Autonomous sensory meridian response (ASMR)

The term ASMR refers to a tingling, relaxing sensation that certain individuals report feeling in response to specific visual or auditory stimuli or when they receive close personal attention. Autonomous sensory meridian response is referred to as ASMR. Meridian denotes the energy of the sensation in your body; autonomous denotes that the feeling is within your body; response denotes that the feeling is a reaction to external stimuli.

What is ASMR?

Autonomous sensory meridian response (ASMR) is a sensory-emotional phenomena that is typified by the sensation of paresthesia, or a “tingling” or static-like feeling. The scalp, back of the neck, upper spine, and other body parts may all experience tingling. Specific tactile, visual, or auditory inputs, as well as deliberate attention control, can cause the experience. Whispering, gentle speaking, tapping, scratching, slow, deft hand gestures, and close personal attention are examples of these extrinsic (and frequently social) triggers (Barratt and Davis 2015). In recent years, ASMR has been increasingly popular among younger generations and the media culture, despite the dearth of scientific investigations on this phenomena.

Similar to but different from aesthetic shivers brought on by music or breathtaking scenes, ASMR can also produce a kind of frisson (Poerio et al. 2018). Although there seem to be some parallels between ASMR and frisson, such as pleasant pilomotor activity and/or goosebumps with a common topical distribution in the neck, shoulders, and head, it is important to remember that they are two separate phenomena. For example, rather than describing the topical (skin-related) response as goosebumps, ASMR responders more often describe it as a “tingling” sensation. The most obvious distinction between frisson and ASMR is that the former produces tingling sensations that are more intense and prolonged, while the latter is more intense and involves human whispered voice (Kovacevich and Huron 2019).

Who Has ASMR Experiences?

Not everyone feels ASMR, just as not everyone gets chills when they listen to heartfelt music. Not enough research has been done on the phenomena to determine what proportion of the population is affected.

Many people who report having experienced ASMR initially notice this joyful, relaxing feeling in their early years when they are being paid particular attention to or witness someone attentively carrying out a task.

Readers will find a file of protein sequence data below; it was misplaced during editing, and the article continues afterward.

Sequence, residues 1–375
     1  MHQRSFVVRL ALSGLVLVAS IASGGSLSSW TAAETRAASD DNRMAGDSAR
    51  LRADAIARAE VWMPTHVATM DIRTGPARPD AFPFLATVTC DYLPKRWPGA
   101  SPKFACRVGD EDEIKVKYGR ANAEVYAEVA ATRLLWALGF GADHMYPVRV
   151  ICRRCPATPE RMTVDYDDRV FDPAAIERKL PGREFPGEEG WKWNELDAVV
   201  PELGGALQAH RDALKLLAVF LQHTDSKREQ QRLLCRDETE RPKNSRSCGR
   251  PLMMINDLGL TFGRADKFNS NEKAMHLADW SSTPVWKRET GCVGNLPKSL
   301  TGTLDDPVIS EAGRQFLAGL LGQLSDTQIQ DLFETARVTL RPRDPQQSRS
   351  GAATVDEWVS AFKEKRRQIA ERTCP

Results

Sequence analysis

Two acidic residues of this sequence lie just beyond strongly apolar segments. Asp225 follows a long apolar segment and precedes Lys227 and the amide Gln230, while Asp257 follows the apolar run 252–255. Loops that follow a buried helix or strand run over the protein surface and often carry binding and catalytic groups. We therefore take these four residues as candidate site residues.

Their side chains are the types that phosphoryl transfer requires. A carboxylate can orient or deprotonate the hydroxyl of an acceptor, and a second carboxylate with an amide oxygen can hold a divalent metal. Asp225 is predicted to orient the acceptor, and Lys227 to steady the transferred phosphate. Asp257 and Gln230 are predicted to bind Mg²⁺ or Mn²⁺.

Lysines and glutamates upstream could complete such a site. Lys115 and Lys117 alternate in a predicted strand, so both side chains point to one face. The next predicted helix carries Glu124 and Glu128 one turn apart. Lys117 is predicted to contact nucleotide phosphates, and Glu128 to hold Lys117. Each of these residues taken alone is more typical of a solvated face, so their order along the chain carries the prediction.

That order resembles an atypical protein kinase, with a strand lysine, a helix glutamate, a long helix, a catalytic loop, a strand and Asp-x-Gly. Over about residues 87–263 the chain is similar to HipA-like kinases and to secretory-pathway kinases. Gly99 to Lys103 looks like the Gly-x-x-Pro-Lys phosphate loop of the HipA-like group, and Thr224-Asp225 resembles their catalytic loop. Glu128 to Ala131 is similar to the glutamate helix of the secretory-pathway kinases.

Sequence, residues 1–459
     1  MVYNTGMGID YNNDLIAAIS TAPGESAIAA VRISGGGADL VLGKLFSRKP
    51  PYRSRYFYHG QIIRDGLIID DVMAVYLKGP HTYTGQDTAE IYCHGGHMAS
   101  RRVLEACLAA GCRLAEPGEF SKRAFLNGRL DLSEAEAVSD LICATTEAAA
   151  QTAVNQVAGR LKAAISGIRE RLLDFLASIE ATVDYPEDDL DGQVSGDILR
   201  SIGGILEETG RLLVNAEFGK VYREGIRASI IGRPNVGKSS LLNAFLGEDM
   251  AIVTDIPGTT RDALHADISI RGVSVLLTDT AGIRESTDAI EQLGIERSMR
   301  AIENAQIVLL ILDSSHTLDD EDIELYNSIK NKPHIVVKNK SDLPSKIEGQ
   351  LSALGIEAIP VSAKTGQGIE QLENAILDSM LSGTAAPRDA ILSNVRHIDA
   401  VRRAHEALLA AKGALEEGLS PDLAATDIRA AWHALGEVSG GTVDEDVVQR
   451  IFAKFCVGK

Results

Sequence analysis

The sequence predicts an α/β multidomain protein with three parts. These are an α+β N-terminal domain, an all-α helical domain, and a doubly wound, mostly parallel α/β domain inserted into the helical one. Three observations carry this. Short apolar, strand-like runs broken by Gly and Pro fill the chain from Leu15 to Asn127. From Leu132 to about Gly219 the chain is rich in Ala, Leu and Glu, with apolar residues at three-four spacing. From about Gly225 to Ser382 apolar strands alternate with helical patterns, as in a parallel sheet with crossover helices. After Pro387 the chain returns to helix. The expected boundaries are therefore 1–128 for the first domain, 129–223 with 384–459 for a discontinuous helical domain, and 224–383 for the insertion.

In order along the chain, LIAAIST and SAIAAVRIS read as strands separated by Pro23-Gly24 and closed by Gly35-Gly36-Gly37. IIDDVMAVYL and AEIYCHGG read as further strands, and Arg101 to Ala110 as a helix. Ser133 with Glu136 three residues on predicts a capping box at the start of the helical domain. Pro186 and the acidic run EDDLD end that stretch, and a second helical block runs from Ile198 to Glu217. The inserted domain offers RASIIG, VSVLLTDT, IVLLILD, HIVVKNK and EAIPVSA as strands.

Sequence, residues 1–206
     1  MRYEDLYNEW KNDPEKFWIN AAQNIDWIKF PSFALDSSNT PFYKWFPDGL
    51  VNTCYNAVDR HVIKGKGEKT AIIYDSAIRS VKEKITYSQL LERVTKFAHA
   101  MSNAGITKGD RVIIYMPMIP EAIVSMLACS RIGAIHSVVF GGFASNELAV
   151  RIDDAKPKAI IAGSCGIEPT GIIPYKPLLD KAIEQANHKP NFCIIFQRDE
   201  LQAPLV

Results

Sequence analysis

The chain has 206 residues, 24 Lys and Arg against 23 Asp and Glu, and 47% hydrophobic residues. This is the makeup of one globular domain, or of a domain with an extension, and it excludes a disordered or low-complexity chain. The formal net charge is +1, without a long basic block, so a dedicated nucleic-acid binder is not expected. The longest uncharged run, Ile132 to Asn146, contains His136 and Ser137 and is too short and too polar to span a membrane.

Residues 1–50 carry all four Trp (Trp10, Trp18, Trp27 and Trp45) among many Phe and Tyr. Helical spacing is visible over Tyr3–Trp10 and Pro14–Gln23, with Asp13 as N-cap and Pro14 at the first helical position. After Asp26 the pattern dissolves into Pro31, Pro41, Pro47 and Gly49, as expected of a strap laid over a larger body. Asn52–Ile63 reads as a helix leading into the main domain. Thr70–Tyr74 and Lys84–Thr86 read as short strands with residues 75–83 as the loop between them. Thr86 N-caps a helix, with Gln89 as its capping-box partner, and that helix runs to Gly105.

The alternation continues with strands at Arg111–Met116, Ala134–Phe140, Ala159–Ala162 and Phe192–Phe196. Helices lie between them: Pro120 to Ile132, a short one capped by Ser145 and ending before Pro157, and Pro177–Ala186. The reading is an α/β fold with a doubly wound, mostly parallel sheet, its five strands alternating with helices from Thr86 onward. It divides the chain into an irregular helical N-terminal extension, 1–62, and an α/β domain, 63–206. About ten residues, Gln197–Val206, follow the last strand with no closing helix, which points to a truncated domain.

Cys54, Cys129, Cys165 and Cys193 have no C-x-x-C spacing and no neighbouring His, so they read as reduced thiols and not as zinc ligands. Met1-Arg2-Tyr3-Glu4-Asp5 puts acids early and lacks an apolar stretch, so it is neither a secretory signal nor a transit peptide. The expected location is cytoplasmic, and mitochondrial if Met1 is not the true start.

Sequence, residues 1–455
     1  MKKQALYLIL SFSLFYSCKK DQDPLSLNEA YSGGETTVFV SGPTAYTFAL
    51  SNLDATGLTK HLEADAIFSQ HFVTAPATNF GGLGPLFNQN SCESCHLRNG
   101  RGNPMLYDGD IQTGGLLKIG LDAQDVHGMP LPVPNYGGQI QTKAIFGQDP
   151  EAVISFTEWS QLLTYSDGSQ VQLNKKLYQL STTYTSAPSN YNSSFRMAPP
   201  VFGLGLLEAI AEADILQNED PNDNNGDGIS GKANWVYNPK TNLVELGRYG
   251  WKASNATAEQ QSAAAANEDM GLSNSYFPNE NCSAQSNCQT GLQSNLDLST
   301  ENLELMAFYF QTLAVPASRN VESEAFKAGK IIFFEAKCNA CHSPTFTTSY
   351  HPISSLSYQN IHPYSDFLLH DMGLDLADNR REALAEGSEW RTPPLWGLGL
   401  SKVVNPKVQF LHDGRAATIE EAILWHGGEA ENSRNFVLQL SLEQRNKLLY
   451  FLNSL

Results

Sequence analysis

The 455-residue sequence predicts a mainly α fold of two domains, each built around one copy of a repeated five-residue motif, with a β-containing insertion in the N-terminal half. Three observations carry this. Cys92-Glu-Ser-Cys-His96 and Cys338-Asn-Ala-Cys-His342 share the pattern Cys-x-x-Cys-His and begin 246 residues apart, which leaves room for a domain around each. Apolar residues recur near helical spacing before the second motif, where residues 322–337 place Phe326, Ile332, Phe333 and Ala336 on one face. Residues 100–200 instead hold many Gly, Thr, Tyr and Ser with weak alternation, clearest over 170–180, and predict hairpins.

The best indicator of ASMR is whether you experience “chills” or a shivering feeling in reaction to specific stimuli. You most likely do experience ASMR if you get this pleasant feeling when you see, hear, smell, or touch something.

However, it should be noted that each person reacts to triggers in a unique way. A person may feel this when they hear whispers, while someone else may feel it when they see someone playing with their hair.

Signs of ASMR

Although the chills that some individuals get from staring at an amazing painting or from listening to a moving speech or piece of music are somewhat similar to ASMR, the two sensations are not the same medically.

 It is believed that although chills are more biologically stimulating, ASMR’s effects are more relaxing and slightly sedative.

  • Whereas chills from art and music could start elsewhere, such as your limbs or spine, ASMR tingles begin at the top of the head.
  • People who use ASMR report feeling tingly and pleasant, which is similar to the sensation some people get when someone tickles or massages their arm and gives them shivers or “goosebumps.”

fundamental feature

But ASMR can happen even when there is no contact. “A fundamental feature of ASMR is that it’s a stimualus in an alternative modality that elicits a sense of touch and relaxation,” according to Dr. Giulia Poerio, a University of Essex psychology professor and author of a peer-reviewed study on the phenomenon. Thus, it’s almost like having a synesthetic experience in certain aspects.

In that you see visual and audio cues that elicit an almost tactile sensation, ASMR is similar to a crossing of the senses. It feels like you’re getting a massage on the back of your head, just without any physical contact.

Individuals who report having ASMR describe feeling:

  • Calm
  • More capable of handling sadness, anxiety, and sleeplessness
  • calm and drowsy

Poerio and her colleagues conducted study and found that, in comparison to those who do not experience ASMR, those who do exhibited a substantial decrease in heart rate while watching videos that elicit ASMR.

In fact, watching ASMR videos caused the average heart rate of those who experience ASMR to drop by 3.14 beats per minute.4This rate is similar to declines observed in clinical trials with other relaxing techniques, such as mindfulness and music.

Types of ASMR

For people who suffer from ASMR, scenarios like getting their feet measured at a shoe store, witnessing someone apply makeup, getting their hair combed or trimmed, being checked into a hotel, or hearing a teacher carefully go over something with students on a worksheet could cause them to react in this way.

Certain circumstances as well as the senses of sight, touch, or sound can all serve as stimuli that cause an ASMR reaction. Among the most typical ASMR triggers are:

  • Chewing,
  • making eye contact
  • , playing with hair,
  • humming,
  • light patterns,
  • massaging,
  • and turning pages
  • blending paint
  • Individualized care